Aldeburgh Food & Drink Festival
PUBLISHED: 15:41 12 September 2016 | UPDATED: 15:41 12 September 2016
bokeh photographic - Alistair Grant
If it’s September, it must be the Aldeburgh Food and Drink Festival, a two-week celebration of Suffolk’s thriving food and drink scene. If you’re a foodie, looking for ideas, or just enjoy a really good festival you won’t want to miss it. Here are some highlights
It’s impossible to live in Suffolk, or visit the county, without realising that great food and drink is what we’re all about.
Not only do we produce high quality ingredients – cereals for staples like bread and beer, outstanding meat, fish and dairy, fresh fruit and vegetables – we turn them into deliciously original dishes and products – homemade pies, sauces and condiments, cordials, oils, ice creams, cakes and desserts to name a few.
Then we serve them up on tables at home and in restaurants across the county. It’s what we’ve become known for – one of the attractions for people visiting Suffolk and one of the reasons many of us stay here. No wonder we want to celebrate our achievements and spread the word. And that’s what the Aldeburgh Food and Drink Festival is all about.
It’s a two-week celebration which starts with the festival weekend at Snape Maltings on September 24-25, and a whole programme of fringe events held at various locations in the east of the county that lasts right through to October 9.
To get your fill, check out the full festival programme
Festival weekend Location: Snape Maltings, next to the River Alde
What to expect:
More than 90 food and drink producers from Suffolk, many from just a few miles away, all gathered to sell their produce including raw milk, organic vegetables, sourdough bread, award winning beer and spirits from sponsors Adnams, cyder from Aspall and delicious street-food. Two cookery demonstration stages hosting visiting and local chefs. Free children’s activities and hands-on cooking workshops.
What it costs: Adult day ticket £8, weekend ticket £14, under 15s free
Chefs on the menu:
You can expect to see on stage . . .
Dhruv Baker, winner of MasterChef 2010. Born in Mexico, moved to India with his family at the age of four, he blends the culinary techniques and heritage of European cuisine with the wonders of Asian spicing.
Galton Blackiston, chef owner of Morston Hall Hotel, north Norfolk where his restaurant has held a Michelin star for the past 16 years.
Martha Collison, youngest ever baker on The Great British Bake Off, made it to the 2014 quarter finals while studying for her AS levels.
Dan Doherty, executive chef of Duck & Waffle, at the top of the Heron Tower in the City of London, which pays homage to classic British cookery. A regular on BBC 1’s Saturday Kitchen.
Eleonora Galasso, foodie and blogger, runs clandestine pop-up restaurants, consults for major international brands and reports about local producers on her blog.
Anna Hansen, born in Canada and raised in New Zealand, runs The Modern Pantry, which now has two AA rosettes and was listed as a Bib Gourmand in the Michelin Guide 2009.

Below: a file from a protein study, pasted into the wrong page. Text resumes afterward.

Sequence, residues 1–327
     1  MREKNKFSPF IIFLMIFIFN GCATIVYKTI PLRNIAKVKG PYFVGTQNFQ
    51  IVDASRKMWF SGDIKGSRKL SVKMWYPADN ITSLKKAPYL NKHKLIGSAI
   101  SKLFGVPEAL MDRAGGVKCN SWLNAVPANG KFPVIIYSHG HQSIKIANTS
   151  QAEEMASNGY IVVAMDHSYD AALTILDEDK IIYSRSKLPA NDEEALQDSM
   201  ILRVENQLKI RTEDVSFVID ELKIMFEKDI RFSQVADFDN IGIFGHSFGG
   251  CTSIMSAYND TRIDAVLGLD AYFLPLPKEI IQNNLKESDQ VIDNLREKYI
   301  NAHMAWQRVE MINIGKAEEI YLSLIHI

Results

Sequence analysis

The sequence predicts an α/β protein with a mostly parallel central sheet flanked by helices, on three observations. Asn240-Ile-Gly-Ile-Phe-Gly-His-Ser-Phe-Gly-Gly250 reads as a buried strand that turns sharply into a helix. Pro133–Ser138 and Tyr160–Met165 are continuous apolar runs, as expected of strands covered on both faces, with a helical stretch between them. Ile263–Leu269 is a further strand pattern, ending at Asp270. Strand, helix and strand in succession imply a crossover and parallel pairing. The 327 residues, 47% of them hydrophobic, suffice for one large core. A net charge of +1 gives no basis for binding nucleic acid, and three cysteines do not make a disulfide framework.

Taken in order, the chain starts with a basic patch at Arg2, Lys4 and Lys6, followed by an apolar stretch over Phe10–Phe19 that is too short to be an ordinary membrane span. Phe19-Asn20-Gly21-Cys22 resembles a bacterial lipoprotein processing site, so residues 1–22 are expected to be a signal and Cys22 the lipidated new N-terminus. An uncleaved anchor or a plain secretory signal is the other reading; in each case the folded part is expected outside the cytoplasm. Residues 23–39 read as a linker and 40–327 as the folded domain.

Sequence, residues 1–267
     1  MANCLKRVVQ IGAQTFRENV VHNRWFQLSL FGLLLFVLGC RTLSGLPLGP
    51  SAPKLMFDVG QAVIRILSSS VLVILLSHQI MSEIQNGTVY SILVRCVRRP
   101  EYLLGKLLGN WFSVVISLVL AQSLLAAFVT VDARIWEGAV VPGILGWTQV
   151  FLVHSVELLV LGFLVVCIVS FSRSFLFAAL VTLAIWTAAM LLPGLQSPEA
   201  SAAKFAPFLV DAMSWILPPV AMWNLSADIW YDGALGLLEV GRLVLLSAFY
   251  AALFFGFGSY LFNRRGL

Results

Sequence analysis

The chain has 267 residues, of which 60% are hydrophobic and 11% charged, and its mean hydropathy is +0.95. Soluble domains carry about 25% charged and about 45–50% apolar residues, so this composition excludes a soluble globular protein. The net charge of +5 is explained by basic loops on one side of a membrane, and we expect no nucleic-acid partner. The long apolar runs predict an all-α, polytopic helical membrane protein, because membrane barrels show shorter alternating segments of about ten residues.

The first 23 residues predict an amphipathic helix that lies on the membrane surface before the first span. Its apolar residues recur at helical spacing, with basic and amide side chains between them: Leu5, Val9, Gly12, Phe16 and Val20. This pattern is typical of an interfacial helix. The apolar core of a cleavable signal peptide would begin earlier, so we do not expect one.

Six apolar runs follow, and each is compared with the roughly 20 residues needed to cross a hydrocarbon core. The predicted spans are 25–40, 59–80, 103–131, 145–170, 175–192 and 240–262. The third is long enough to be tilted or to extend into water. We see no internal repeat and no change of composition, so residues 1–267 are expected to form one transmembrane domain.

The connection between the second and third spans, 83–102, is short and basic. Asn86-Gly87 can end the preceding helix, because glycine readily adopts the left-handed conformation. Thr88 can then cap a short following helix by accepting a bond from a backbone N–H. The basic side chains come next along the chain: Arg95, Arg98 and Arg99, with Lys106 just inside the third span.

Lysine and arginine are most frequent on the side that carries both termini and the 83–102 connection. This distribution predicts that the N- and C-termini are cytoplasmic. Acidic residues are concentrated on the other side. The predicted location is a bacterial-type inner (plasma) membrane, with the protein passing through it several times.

Angela Hartnett, one of the UK’s most loved chefs and restaurateurs, known for sophisticated yet simple, Italy-inspired cooking. Murano in Mayfair, where she is chef proprietor, holds a Michelin star.
Henrietta Inman, Suffolk raised skilled pastry chef, owns her own business, Henrietta Inman, specialising in delicious patisserie made with whole, natural, nourishing real food ingredients.
Anna Jones, cook, food writer and stylist, worked for many years as part of Jamie Oliver’s food team. Author of A Modern Way to Eat, and A Modern Way to Cook.
Joudie Kalla is Palestinian and focuses her cooking around this particular Middle Eastern cuisine, creating healthy, vibrant, moreish dishes that are easy to make and packed full of goodness.
Brad McDonald, born in Mississippi, re-launched The Lockhart in Marylebone in 2014, and opened Shotgun, a cocktail bar and BBQ joint on Soho’s Kingly Street.
Kylee Newton, passionate self-taught preserver selling her wares under Newton&Pott at London’s Broadway Market, and delis throughout the UK.
José Pizarro has lived in the UK for 15 years and worked at some of London’s most prestigious Spanish restaurants. In May 2011 he opened his first solo venture, José, followed by Pizarro.
Oliver Rowe, a Londoner who first learned to cook in Tuscany, has his own café, Konstam, and restaurant, Konstam at the Prince Albert, both in London’s King’s Cross.
Ben Tish, of The Salt Yard, is at the forefront of modern Spanish/Italian tapas style cuisine. Appears regularly on Market Kitchen, Saturday Kitchen, Drop Down Menu and Masterchef, BBC Radio 4’s The Food Programme and Sunday Brunch
The Suffolk Punch pop-up
For one night only, on September 24 the Suffolk Young Producers Group will reprise their successful pop-up restaurant, which made its debut at the Vault Festival in London earlier this year. Called The Suffolk Punch, it will feature the very best that our young food and drink producers have to offer.
The three-course menu has been created by brothers Alex and Oliver Burnside, from the Plough and Sail pub at Snape Maltings, who have sourced ingredients from members of the group, and from the rest of Suffolk. There will be live music, dancing and singing co-ordinated by Folk East, and a guest appearance by two magnificent Suffolk Punch horses. A donation from the proceeds will go to the Suffolk Punch Trust at nearby Hollesley Bay Stud.
Time: 7.30pm (welcoming aperitif of Little Scarlet Strawberry and Gin Spritzer)
Menu: A porky picnic - platters of local free range pork with crackling nibbles, beefy stew with sourdough crumb topping, creamy mashed potato and roasted vegetables, a table full of sweet things to choose from.